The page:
Your mobile device should be charged and ready to go for political science classes taught by professors Stephen Maynard Caliendo, William Muck (pictured right) and Suzanne Chod. They believe that using Twitter keeps students on their toes when it comes to following and reacting to political issues.
As part of class discussions and homework, students are asked to frame their thoughts and reactions in 140-character messages and share them at the class or event hashtag. Students also can reach their professors on Twitter with questions. “I had students tweet during my seminar on Women in American Politics,” says Chod. “They were encouraged to tweet thoughts, epiphanies and just general things that struck them during class. And in my Congress class, they tweeted as we simulated debating and voting on a fictitious bill. The process of tweeting reflects ways members of Congress might reach out to their constituents.”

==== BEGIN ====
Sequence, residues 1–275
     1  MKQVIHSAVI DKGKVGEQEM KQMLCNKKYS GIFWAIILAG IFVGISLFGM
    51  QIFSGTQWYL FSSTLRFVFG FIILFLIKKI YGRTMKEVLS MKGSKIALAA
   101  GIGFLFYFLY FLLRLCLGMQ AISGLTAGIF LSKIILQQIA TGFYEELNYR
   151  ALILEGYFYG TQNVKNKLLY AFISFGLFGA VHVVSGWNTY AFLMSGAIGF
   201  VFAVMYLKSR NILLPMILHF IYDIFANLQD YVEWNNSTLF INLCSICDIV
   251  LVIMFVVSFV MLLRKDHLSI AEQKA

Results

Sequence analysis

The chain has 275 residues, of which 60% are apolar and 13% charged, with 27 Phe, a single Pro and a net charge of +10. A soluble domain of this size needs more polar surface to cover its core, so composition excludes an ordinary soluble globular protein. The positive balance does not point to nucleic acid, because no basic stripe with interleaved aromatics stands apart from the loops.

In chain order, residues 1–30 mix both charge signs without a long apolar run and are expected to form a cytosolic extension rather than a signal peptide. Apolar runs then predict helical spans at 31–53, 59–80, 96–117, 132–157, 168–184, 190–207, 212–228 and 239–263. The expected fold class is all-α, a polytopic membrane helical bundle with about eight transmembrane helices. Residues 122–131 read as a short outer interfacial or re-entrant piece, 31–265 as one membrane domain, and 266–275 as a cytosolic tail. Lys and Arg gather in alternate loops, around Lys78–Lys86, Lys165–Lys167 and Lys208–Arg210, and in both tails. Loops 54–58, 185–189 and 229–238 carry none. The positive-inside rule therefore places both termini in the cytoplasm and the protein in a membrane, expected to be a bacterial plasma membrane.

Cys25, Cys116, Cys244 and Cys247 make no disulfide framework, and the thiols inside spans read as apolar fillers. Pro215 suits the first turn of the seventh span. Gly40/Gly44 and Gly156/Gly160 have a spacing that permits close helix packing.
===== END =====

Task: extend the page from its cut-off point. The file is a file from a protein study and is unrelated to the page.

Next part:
Each term, the professors organize a popular public lecture called a TIP Talk to comment on current topics, like the Olympics, violence in the Ukraine and political media experts. Participants in the audience are encouraged to tweet at #TIPTalks.
The use of Twitter in the classroom has become an area of academic research and expertise these professors have presented to their peers at Midwestern and national political science conferences. Says Muck: “We’ve been studying our use of Twitter in the classroom because we find it’s a great way to engage students in the political process.”